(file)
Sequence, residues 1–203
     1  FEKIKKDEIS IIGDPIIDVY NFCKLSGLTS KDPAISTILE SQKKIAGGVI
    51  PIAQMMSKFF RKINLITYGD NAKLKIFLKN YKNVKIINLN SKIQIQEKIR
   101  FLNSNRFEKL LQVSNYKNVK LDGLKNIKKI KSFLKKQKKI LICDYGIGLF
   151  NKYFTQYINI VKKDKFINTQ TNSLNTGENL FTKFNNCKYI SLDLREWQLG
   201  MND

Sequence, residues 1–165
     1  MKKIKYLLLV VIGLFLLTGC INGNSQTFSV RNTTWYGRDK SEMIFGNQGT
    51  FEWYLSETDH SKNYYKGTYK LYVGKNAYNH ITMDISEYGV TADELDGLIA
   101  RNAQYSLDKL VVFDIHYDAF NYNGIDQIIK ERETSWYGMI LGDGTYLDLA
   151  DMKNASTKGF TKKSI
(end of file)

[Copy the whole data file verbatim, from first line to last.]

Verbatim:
Sequence, residues 1–203
     1  FEKIKKDEIS IIGDPIIDVY NFCKLSGLTS KDPAISTILE SQKKIAGGVI
    51  PIAQMMSKFF RKINLITYGD NAKLKIFLKN YKNVKIINLN SKIQIQEKIR
   101  FLNSNRFEKL LQVSNYKNVK LDGLKNIKKI KSFLKKQKKI LICDYGIGLF
   151  NKYFTQYINI VKKDKFINTQ TNSLNTGENL FTKFNNCKYI SLDLREWQLG
   201  MND

Sequence, residues 1–165
     1  MKKIKYLLLV VIGLFLLTGC INGNSQTFSV RNTTWYGRDK SEMIFGNQGT
    51  FEWYLSETDH SKNYYKGTYK LYVGKNAYNH ITMDISEYGV TADELDGLIA
   101  RNAQYSLDKL VVFDIHYDAF NYNGIDQIIK ERETSWYGMI LGDGTYLDLA
   151  DMKNASTKGF TKKSI